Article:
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Watch This: Celebrate the End of the Year with these Digital Superheroes

“And now, we’re developing the Digital Superheroes Academy, a digital platform that will teach kids life skills in the form of superpowers.” —Allison Sanders, Research and Partnerships Coordinator, Baan Dek Foundation

The Baan Dek Foundation in Thailand has spent the past 15 years working with thousands of disadvantaged kids throughout Southeast Asia on health, education, and safety services. 

As Baan Dek notes, Burmese migrant children living in camps, slums, and on construction sites where their parents work in Thailand are one of Asia’s largest groups of out-of-school children. The Foundation works to teach these kids life skills by sending teachers and social workers into their camps. They’ve worked for three years to teach thousands of children 15 life skills that they think of as superpowers. These superpowers include critical thinking or the importance of diversity over discrimination. 

One major superpower they focus on? The superpower of education, the right to education, and how to fill out the paperwork needed to be able to attend public school in Thailand.  

Today, 98 percent of the children with whom the Baan Dek Foundation works are enrolled in Thai public schools.

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“We have already seen the impact of these life skills, and now we are ready for scale.” —Allison Sanders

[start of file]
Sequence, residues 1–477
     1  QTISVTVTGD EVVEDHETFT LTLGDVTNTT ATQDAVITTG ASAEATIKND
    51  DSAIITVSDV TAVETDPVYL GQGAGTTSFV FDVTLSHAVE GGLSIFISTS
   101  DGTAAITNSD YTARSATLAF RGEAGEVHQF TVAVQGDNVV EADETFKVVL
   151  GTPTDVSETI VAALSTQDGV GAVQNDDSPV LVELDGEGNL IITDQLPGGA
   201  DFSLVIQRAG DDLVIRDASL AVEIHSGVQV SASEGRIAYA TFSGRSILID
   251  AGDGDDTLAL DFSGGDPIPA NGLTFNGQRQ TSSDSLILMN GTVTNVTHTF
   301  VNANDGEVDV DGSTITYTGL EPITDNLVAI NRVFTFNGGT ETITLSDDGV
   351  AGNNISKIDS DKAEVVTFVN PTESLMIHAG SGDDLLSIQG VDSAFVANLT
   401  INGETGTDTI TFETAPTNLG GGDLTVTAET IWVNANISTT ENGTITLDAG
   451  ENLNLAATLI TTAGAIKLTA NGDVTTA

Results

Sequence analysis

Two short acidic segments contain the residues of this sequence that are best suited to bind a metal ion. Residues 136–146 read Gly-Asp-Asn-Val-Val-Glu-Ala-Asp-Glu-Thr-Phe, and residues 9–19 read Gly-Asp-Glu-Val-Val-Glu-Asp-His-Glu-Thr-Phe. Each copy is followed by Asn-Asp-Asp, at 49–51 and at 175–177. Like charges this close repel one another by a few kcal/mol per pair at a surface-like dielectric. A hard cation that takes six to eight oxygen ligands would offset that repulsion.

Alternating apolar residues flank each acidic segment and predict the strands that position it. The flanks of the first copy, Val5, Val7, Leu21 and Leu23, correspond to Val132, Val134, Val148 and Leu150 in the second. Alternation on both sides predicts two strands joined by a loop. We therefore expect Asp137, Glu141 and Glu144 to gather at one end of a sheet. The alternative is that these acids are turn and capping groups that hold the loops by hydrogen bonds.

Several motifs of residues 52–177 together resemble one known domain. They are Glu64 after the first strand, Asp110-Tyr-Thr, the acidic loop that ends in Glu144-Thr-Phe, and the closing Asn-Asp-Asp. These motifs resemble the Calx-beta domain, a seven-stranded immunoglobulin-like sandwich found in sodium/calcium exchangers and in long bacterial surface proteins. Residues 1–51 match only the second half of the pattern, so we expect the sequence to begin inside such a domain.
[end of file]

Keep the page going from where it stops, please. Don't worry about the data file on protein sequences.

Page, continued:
It is impossible for teachers and social workers to reach the 60,000 Burmese kids living in these conditions through face-to-face interaction alone. That’s why the Baan Dek Foundation is launching the Digital Superheroes Academy: An open source platform available on smartphones and tablets teaching these life skills as superpowers.

The platform will be available in the kids’ native languages, and there will be back-end monitoring to track their progress and figure out what works best for marginalized children and youth. 

UNICEF Thailand is already partnering with the Baan Dek Foundation to publish a report on access to services for children living in construction site camps throughout Thailand, and several telecom providers are interested in giving free phone minutes and data to the target families to help their kids access the platform. 

In September, Allison Sanders pitched the Digital Superheroes Academy at the Solve Challenge Finals and was selected as one of 11 Solvers in the Youth, Skills, and the Workforce of the Future Challenge. Baan Dek also received the Australian Department of Foreign Affairs and Trade (DFAT) Indo-Pacific Development prize, which offers up to $1 million in grant funding for eight solutions working in developing countries in the Indo-Pacific region.

Celebrate the end of 2017 by watching Allison Sanders pitch the Digital Superheroes Academy at the Solve Challenge Finals:

Read the solution application for the Digital Superheroes Academy. Interested in partnering with them as they pilot and scale for global impact? Solve wants to hear from you. Reach out at solve@mit.edu.  


Allison Sanders pitches the Digital Superheroes Academy at the Solve Challenge Finals in the Youth, Skills, and the Workforce of the Future Challenge, September 17, 2017. (Photo by Samuel Stuart / MIT Solve)

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Education

Youth, Skills, & the Workforce of the Future

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at the 2017 Solve Challenge Finals

Apella | New York City

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